Get Out of Colombia
As a member of the House International Relations Committee and the Subcommittee on the Western Hemisphere, I would like to state my strong objections to the manner in which this piece of legislation was raised [a resolution urging further US meddling in Colombia as an anti-terrorist scheme]. I was only made aware of the existence of this legislation this morning, just a couple of hours before I was expected to vote on it. There was no committee markup of the legislation, nor was there any notice that this legislation would appear on today's suspension calendar.
This legislation represents a very serious and significant shift in United States policy toward Colombia. It sets us on a slippery slope toward unwise military intervention in a foreign civil war that has nothing to do with the United States.
Our policy toward Colombia was already ill-advised when it consisted of an expensive front in our failed "war on drugs." Plan Colombia, launched nearly 2 years ago, sent $1.3 billion to Colombia under the guise of this war on drugs. A majority of that went to the Colombian military; much was no doubt lost through corruption. Though this massive assistance program was supposed to put an end to the FARC and other rebel groups involved in drug trafficking, 2 years later we are now being told — in this legislation and elsewhere — that the FARC and rebel groups are stronger than ever. So now we are being asked to provide even more assistance in an effort that seems to have had a result the opposite of what was intended. In effect, we are being asked to redouble failed efforts. That doesn't make sense.
At the time Plan Colombia was introduced, President Clinton promised the American people that this action would in no way drag us into the Colombian civil war. This current legislation takes a bad policy and makes it much worse. This legislation calls for the United States "to assist the Government of Colombia protect its democracy from United States-designated foreign terrorist organizations . . . " In other words, this legislation elevates a civil war in Colombia to the level of the international war on terror, and it will drag us deep into the conflict.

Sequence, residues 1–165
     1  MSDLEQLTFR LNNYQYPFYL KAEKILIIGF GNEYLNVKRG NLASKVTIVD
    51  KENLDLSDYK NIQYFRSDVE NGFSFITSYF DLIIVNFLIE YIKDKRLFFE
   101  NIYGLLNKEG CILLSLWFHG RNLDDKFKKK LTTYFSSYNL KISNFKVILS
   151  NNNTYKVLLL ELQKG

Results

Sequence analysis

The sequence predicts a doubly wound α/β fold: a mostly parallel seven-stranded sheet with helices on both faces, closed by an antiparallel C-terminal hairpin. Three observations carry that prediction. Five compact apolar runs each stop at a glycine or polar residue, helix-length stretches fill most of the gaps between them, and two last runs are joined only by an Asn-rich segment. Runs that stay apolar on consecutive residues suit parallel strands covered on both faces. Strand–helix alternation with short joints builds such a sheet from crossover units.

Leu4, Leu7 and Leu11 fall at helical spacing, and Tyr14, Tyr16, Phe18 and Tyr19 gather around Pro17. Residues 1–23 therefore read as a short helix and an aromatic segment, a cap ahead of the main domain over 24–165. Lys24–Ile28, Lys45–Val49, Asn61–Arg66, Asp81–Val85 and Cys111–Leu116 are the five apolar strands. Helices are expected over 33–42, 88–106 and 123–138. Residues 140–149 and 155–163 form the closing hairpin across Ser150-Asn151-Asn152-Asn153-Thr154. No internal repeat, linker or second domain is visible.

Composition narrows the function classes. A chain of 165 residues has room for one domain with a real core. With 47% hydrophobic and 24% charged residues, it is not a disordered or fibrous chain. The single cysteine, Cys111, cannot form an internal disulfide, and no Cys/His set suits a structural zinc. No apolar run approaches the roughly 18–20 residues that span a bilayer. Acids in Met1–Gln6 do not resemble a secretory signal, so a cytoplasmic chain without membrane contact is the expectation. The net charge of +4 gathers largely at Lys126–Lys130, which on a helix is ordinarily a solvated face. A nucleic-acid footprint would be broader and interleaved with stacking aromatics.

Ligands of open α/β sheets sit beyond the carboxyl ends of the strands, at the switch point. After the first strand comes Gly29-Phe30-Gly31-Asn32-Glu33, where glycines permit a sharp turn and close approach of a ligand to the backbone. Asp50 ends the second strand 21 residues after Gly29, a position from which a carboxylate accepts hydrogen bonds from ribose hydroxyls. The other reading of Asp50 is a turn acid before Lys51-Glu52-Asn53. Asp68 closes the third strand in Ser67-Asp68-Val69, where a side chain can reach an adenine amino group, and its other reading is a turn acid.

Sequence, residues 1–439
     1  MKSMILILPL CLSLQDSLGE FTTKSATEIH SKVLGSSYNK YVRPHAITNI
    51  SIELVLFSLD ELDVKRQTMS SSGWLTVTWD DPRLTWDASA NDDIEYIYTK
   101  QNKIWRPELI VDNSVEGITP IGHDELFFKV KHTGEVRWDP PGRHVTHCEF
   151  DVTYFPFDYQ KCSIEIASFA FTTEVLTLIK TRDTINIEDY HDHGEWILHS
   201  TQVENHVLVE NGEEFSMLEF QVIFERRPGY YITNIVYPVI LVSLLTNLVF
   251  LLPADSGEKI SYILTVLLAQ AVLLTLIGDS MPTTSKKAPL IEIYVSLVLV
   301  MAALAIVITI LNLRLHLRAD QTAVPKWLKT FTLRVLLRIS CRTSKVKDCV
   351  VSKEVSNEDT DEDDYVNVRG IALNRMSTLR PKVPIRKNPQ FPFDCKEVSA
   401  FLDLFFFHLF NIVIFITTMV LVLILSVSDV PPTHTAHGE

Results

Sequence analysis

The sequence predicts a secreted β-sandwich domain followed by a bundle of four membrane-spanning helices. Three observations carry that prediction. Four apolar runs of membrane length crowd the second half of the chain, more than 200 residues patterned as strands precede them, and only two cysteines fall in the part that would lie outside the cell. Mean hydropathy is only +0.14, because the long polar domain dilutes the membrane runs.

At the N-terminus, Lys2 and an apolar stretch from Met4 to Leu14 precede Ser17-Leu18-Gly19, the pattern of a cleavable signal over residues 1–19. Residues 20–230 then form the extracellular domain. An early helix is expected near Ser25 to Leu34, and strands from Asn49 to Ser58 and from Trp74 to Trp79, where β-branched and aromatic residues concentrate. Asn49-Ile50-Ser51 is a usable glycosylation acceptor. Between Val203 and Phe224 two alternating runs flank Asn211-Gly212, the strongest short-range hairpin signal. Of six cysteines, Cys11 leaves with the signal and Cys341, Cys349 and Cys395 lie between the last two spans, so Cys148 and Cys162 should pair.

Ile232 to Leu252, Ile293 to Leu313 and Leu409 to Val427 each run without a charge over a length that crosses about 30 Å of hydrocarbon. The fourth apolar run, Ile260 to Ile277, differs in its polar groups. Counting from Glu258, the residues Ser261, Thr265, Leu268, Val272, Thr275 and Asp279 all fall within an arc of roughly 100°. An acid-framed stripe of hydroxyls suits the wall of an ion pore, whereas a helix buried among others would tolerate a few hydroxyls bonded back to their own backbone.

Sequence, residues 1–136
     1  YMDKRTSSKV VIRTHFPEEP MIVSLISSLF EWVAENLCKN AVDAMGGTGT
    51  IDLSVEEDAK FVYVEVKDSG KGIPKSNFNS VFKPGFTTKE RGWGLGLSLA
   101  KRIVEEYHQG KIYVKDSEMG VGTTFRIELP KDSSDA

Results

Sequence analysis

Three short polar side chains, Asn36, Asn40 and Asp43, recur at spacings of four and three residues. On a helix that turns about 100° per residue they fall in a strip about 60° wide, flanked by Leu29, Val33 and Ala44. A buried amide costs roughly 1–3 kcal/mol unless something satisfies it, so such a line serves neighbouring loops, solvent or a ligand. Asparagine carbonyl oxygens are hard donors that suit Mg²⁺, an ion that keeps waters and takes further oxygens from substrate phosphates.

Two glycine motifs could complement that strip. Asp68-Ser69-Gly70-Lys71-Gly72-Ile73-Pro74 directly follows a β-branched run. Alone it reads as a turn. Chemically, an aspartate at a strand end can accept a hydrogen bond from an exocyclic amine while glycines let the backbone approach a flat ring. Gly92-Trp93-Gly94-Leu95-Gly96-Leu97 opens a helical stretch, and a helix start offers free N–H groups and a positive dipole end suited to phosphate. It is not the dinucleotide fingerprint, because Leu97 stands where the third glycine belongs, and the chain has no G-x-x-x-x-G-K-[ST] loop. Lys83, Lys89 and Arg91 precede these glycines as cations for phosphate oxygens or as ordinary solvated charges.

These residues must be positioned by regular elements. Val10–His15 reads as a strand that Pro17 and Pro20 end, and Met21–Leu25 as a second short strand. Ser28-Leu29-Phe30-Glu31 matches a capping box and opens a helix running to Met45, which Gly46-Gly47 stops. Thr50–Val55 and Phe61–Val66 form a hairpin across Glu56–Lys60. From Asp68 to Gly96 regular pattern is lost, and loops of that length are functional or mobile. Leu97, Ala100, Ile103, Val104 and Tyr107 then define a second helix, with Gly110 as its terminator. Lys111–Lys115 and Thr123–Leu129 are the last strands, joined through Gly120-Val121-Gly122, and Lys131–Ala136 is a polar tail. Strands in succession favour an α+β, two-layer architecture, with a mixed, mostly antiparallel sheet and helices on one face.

There is a world of difference between a rebel group fighting a civil war in a foreign country and the kind of international terrorist organization that targeted the United States last September. As ruthless and violent as the three rebel groups in Colombia no doubt are, their struggle for power in that country is an internal one. None of the three appears to have any intention of carrying out terrorist activities in the United States. Should we become involved in a civil war against them, however, these organizations may well begin to view the United States as a legitimate target. What possible reason could there be for us to take on such a deadly risk? What possible rewards could there be for the United States support for one faction or the other in this civil war?
As with much of our interventionism, if you scratch the surface of the high-sounding calls to "protect democracy" and "stop drug trafficking," you often find commercial interests driving US foreign policy. This also appears to be the case in Colombia. And like Afghanistan, Kosovo, Iraq, and elsewhere, that commercial interest appears to be related to oil The U.S. administration request for FY 2003 includes a request for an additional $98 million to help protect the Cano-Limon Pipeline — jointly owned by the Colombian Government and Occidental Petroleum. Rebels have been blowing up parts of the pipeline and the resulting disruption of the flow of oil is costing Occidental Petroleum and the Colombian Government more than half a billion dollars per year. Now the administration wants the American taxpayer to finance the equipping and training of a security force to protect the pipeline, which much of the training coming from the US military. Since when is it the responsibility of the American citizen to subsidize risky investments made by private companies in foreign countries? And since when is it the duty of American service men and women to lay their lives on the line for these commercial interests?
Further intervention in the internal political and military affairs of Colombia will only increase the mistrust and anger of the average Colombian citizen toward the United States, as these citizens will face the prospect of an ongoing, United States-supported war in their country. Already Plan Colombia has fueled the deep resentment of Colombian farmers toward the United States. These farmers have seen their legitimate crops destroyed, water supply polluted, and families sprayed as powerful herbicides miss their intended marks. An escalation of American involvement will only make matters worse.
At this critical time, our precious military and financial resources must not be diverted to a conflict that has nothing to do with the United States and poses no threat to the United States. Trying to designate increased military involvement in Colombia as a new front on the "war on terror" makes no sense at all. It will only draw the United States into a quagmire much like Vietnam. The Colombian civil war is now in its fourth decade; pretending that the fighting there is somehow related to our international war on terrorism is to stretch the imagination to the breaking point. It is unwise and dangerous.
March 8, 2002
Dr. Ron Paul is a Republican member of Congress from Texas.